Gas Network's Impact on Power System Voltage Security

Abstract : Due to the energy linkage between electricity and gas networks, assessing the voltage security of the electricity system without considering the practical constraints of both systems, may lead to unrealistic values of loading margins (LM). This work proposes a model for investigating the impact of gas networks on the voltage security of electric transmission networks. The overall objective is to maximize the LM of the electricity network while satisfying all relevant constraints in both gas and electricity networks such as hourly line pack of gas pipelines, reactive power capability limits of generators, and complementarity constraints representing the generators active/reactive power limits based on the capability curves, power flow equations at both current operation, and security limit points. Three (small, medium, and large) case studies are presented as the applications of the proposed model for LM maximization in power systems that are highly coupled with gas networks. The obtained results corroborate the impact of both gas and electrical networks operation constraints such as voltage and reactive power limits, nodal gas pressure limits, gas network loading as well as the line pack phenomenon of gas pipelines on the LM of power systems.
 ? Power flow analysis is very important in planning stages of new networks or addition to existing ones like adding new generator sites, meeting increase load demand and locating new transmission sites. ? The load flow solution gives the nodal voltages and phase angles and hence the power injection at all the buses and power flows through interconnecting power channels. ? Grid congestion is often associated with a cascading collapse leading to a major blackout. Such a collapse is characterized by a self-sustaining sequence of line outages followed by a topology breakup of the network.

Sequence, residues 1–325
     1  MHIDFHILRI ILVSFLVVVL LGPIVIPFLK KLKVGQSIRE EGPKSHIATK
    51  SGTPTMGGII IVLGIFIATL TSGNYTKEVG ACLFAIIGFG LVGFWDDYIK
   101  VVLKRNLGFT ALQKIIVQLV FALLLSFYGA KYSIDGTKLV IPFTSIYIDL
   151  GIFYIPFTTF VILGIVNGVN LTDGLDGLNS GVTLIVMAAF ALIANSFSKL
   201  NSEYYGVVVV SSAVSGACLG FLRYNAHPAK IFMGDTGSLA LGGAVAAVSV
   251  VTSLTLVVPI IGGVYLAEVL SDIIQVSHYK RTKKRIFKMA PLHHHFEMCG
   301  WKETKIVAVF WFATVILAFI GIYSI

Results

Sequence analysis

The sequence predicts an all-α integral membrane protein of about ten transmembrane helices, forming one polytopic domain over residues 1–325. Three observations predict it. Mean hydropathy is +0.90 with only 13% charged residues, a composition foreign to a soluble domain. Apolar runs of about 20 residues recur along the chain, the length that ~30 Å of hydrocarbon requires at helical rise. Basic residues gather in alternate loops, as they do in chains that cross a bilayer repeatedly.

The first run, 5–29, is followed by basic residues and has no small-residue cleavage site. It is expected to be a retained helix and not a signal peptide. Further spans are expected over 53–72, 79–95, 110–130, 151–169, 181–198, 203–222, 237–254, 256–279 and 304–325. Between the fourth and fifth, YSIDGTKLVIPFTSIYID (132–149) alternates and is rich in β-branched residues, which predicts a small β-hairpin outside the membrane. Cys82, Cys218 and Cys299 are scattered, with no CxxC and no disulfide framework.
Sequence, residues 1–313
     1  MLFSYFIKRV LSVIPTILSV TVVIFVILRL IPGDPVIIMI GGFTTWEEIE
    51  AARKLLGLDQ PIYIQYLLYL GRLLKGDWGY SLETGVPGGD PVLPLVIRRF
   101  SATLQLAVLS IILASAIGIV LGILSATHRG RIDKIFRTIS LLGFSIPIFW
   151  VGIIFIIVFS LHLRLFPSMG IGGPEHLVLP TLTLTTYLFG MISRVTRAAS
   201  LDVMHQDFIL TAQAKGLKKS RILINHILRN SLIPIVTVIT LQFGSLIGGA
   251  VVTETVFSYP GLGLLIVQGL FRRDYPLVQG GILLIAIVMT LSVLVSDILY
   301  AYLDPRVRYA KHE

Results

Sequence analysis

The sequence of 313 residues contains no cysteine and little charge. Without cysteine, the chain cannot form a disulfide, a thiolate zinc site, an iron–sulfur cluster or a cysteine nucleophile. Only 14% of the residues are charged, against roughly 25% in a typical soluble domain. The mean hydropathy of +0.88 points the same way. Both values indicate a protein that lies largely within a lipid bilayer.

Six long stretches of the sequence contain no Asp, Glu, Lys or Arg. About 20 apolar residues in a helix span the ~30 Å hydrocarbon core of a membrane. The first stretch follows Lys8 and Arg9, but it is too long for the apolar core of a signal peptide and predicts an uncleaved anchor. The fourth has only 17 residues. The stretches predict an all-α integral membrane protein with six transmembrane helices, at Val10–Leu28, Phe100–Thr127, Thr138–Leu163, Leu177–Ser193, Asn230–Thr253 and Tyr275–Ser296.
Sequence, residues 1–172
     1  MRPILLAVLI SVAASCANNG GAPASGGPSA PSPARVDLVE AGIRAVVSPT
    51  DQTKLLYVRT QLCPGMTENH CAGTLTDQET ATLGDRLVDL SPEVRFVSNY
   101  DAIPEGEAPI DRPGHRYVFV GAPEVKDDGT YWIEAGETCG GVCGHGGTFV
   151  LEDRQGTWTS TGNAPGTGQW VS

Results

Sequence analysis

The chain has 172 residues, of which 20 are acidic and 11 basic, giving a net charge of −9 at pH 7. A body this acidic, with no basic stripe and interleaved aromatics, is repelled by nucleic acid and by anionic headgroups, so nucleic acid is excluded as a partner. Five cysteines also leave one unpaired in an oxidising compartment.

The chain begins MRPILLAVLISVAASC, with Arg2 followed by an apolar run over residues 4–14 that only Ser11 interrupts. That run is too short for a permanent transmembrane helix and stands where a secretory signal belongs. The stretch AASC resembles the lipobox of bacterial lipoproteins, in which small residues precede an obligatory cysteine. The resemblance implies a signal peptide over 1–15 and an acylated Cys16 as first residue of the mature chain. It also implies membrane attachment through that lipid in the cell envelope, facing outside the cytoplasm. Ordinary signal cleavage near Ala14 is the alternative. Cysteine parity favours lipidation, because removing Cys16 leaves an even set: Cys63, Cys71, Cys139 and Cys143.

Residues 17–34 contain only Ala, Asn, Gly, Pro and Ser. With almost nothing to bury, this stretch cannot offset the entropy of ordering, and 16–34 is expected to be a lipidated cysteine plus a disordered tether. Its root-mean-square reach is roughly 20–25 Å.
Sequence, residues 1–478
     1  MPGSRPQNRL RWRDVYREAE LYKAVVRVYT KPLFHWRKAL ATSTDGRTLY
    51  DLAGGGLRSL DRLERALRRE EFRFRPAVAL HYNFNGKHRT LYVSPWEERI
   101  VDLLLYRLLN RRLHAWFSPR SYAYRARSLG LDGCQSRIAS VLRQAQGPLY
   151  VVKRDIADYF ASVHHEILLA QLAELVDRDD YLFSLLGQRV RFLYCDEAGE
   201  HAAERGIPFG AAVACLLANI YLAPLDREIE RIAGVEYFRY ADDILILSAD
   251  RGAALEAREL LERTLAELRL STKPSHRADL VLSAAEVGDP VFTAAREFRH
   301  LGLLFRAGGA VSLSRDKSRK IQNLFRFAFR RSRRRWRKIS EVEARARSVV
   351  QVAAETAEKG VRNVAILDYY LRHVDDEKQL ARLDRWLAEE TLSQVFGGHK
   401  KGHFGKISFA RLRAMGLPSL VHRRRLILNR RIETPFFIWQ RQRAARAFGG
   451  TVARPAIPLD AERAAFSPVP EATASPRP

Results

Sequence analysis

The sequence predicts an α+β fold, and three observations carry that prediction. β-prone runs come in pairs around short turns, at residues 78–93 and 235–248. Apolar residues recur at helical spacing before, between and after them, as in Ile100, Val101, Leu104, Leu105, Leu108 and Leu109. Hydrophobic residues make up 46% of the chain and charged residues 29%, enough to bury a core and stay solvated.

? These curves are generated by running many power flow cases using conventional methods. ? While such procedures can be automated, they are time-consuming and do not readily provide all information required to determine the causes of stability problems. ? The GBI allows to monitor if a contingency poses a voltage stability issue. Then ABI and SBI indexes can be used within the DSA tool to derive rules for operators, which can be built using decision trees. ? The value of the new method in synthesizing the information is highlighted by calculating a data synthesis factor that is compared with the previous method.
 • The proposed approach was implemented using a 12-bus simplified distribution network. The results of the study indicate that initiating events and possible cascading chains may be identified, ranked and visualized. • Based on the active or reactive branch flows from a solved power flow or state estimation computation, the proposed method organizes the busses and branches of the network into homogeneous groups according to a few concepts which are introduced below. • It is helpful in determining the best location as well as optimal capacity of proposed generating station, substation and new lines. • It determines the voltage of the buses. The voltage level at the certain buses must be kept within the closed tolerances.
 ? The paper investigates the method’s performance during pre- and post- contingency states and accuracy comparisons are made with the previous method. ? Static methods are usually very efficient but they neither account for post contingency control actions that depend on the system’s evolution, nor do they capture more complex instability mechanisms. ? Thus, making the proposed method computational more efficient than the previous one. ? The proposed method obtains time-series from dynamic simulations subject to sequential load changes that are then used as input to a voltage stability estimation method.

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